Chester-Le-Street: Stuart Broad has insisted England can cope with the spin-friendly pitches they will face when defending their World Twenty20 title in Sri Lanka after a thumping loss to South Africa. England fell 0-1 behind in the three-match series after a seven-wicket defeat at Chester-le-Street on Saturday (September 8).
Put in, England could only manage 118 for 7 — their third lowest Twenty20 total. Craig Kieswetter, the opener, made 25 and the next best scores were identical, unbeaten scores of 18 by Broad, the England T20 captain, and Graeme Swann, batting at No. 8 and No. 9 respectively.
Of particular concern to England would have been the fact that several batsmen fell to poor shots against Johan Botha and Robin Peterson, the South African spinners.
Eoin Morgan played on heaving across the line against Botha and Jos Buttler, hailed as one of England's most promising batsmen, charged down the pitch before being bowled by Peterson.
"We didn't play the spin especially well today. But we've got good players of spin in there," said Broad. "Morgs (Morgan) is a fantastic player of spin. We've seen him dominate it in the past — it just didn't come off for us today. Jos Buttler in training hits the ball further than anyone.
"We want guys to have the freedom to go for that boundary option. You don't want to curb that enthusiasm too much. But obviously today it didn't work out for us, and we need to put that right in a very short turnaround.”
Broad added that the batsmen's failure to put runs on the board meant South Africa weren't under any pressure while facing Swann. "I think it was quite a good wicket to bowl spin on, because the ball didn't really come on," he said. "The advantage they then had when batting was that they didn't have to take a risk against Swanny. I think one thing we have to be very aware of is you win games of Twenty20 cricket with numbers eight, nine, 10 and 11 not batting. So we have to take the responsibility of having a batsman there at the end."
Another worry for England has been the form of Ravi Bopara, whose run of low scores continued when he was out for six in all too familiar fashion, caught at slip pushing tentatively outside offstump against Dale Steyn.
In four innings during the preceding drawn one-day series, Bopara managed scores of 16, 0, 6 and 0, with his medium-pace bowling now his main trump card.
"Ravi's struggled the last couple of weeks, but he's working very hard on putting that right," said Broad, one of eight survivors from England’s victorious 2010 squad heading to Sri Lanka. "We hope Ravi can get back to that, because he'll be an important player for us in Sri Lanka — not just with the bat, but I think his bowling will be useful on those sorts of wickets."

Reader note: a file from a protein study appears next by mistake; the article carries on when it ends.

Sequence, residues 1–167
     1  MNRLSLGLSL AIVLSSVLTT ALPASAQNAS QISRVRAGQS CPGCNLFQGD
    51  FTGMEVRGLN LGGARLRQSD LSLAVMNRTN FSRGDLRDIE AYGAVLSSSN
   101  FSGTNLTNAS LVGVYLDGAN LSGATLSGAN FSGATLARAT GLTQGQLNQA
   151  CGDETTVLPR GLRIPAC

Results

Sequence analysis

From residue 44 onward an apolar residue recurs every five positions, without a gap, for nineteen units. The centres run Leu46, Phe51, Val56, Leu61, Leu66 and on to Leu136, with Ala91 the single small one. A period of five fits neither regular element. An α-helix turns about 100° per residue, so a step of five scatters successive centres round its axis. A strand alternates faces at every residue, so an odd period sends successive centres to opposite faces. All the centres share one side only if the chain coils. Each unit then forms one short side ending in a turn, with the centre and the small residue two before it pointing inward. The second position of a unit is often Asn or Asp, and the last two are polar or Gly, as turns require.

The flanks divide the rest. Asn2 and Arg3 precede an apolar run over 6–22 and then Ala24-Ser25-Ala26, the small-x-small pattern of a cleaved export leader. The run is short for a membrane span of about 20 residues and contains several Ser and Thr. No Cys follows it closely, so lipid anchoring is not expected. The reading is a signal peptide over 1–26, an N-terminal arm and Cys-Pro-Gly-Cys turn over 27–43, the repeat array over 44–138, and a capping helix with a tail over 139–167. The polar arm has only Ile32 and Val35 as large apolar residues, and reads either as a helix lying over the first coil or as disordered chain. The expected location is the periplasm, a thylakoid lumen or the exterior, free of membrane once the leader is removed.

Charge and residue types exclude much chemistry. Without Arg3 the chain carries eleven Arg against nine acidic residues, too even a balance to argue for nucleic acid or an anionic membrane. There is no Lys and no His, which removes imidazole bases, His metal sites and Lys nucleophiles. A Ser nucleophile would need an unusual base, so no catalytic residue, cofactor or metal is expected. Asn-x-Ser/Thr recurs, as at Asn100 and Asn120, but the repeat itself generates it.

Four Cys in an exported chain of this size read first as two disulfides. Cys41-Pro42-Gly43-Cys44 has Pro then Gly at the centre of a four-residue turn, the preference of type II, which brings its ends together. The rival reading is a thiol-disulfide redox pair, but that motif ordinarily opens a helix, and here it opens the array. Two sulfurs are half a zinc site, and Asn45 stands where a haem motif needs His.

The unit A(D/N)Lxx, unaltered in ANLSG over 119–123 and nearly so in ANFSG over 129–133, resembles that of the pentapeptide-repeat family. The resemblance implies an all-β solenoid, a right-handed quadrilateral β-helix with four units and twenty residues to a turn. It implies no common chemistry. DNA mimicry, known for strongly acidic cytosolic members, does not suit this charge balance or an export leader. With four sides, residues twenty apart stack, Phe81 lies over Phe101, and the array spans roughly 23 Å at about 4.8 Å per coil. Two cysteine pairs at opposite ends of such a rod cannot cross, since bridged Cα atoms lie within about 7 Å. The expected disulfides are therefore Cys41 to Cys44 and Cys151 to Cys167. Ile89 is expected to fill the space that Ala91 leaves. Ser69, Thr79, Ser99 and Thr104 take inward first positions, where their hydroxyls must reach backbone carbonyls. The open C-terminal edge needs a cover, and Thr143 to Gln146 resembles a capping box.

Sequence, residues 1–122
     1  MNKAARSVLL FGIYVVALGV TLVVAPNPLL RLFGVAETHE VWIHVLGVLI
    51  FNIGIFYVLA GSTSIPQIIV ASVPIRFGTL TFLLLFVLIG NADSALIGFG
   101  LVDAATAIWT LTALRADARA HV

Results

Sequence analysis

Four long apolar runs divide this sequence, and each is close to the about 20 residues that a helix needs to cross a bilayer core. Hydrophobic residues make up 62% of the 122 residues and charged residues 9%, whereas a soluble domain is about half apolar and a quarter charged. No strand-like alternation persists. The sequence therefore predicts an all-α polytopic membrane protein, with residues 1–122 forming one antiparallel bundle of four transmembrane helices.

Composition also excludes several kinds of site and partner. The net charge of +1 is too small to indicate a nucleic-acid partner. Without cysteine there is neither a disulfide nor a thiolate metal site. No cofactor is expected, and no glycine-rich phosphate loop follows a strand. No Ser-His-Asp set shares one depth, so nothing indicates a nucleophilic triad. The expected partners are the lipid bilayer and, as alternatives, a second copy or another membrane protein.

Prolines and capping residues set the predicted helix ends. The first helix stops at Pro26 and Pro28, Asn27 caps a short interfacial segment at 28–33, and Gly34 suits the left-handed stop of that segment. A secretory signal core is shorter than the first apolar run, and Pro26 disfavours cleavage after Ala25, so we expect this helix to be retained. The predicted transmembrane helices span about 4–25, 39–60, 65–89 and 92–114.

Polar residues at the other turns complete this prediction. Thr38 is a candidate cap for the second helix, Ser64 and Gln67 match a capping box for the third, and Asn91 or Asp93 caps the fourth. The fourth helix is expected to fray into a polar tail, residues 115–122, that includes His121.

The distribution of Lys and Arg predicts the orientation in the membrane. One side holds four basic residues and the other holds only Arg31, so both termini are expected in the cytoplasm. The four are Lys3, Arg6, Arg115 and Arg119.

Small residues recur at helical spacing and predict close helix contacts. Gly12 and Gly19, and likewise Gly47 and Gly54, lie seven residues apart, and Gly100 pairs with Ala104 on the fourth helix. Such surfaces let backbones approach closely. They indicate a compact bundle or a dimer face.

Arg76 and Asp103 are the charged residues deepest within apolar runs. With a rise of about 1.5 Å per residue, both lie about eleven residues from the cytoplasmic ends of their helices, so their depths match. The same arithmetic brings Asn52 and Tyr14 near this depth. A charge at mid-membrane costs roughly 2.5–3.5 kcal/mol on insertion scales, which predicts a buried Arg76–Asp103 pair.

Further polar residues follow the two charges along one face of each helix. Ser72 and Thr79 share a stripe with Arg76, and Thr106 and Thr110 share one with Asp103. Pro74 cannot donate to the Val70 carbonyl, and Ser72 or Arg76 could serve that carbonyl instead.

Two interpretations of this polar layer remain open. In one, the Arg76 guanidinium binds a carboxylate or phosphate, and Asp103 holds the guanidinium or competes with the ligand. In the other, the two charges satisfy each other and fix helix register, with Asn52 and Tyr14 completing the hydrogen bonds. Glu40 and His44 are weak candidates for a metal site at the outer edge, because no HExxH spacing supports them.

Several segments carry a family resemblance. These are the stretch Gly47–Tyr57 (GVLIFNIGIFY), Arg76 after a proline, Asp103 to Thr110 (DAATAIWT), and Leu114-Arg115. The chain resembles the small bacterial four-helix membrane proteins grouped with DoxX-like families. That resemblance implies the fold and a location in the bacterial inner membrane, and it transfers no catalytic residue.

Steyn, whose wicket of Bopara was his only one in the match, nevertheless was declared the man of the match for his economical bowling, conceding only 13 runs in four overs, all bowled in one-over spells.
Steyn, explaining his approach to bowling in 'micro' spells, said: "I spoke to AB (AB de Villiers) briefly about how he wanted to use me. The thing is it's only six balls, you've got to be sure what lines and lengths you are going to bowl to, what fields you are going to bowl to and then you've just got to make sure you hit your straps.
"Just straight lines today was the key thing. It was quite difficult for batters to hit over the top," explained Steyn. "There weren't a lot of big hits that went for six or one-bounce four. I felt it was one of those wickets I summed up quite quickly with the ball. Straight away from my first over I got a feeling as to where I should bowl, spread the message and I think everybody else followed."
De Villiers, the South Africa captain, was expectedly happy with the win, and believed it boded well for the team's chances in the World T20.
"Definitely, it's very similar to what we are expecting," said de Villiers. "There was a little bit of turn, it was quite slowish. It was really good preparation. The bowlers had really clear plans and I'm proud of the way they came out. They made my job really easy out there."
South Africa rested the in-form Hashim Amla, who during the preceding Test and one-day series against England scored a mammoth combined 817 runs at 116.71, and de Villiers said they would try to give to match practice to as many members of their World Twenty20 squad as possible before heading to Sri Lanka.
"The ideal situation would be to give every batter a bat and all the bowlers a bowl," de Villiers said. "It doesn't always happen that way but I believe this squad is mature and experienced enough to know what they are capable of going into the World Cup. All the guys seem to be confident and if we keep winning, obviously everyone feeds off that and that’s the most important thing."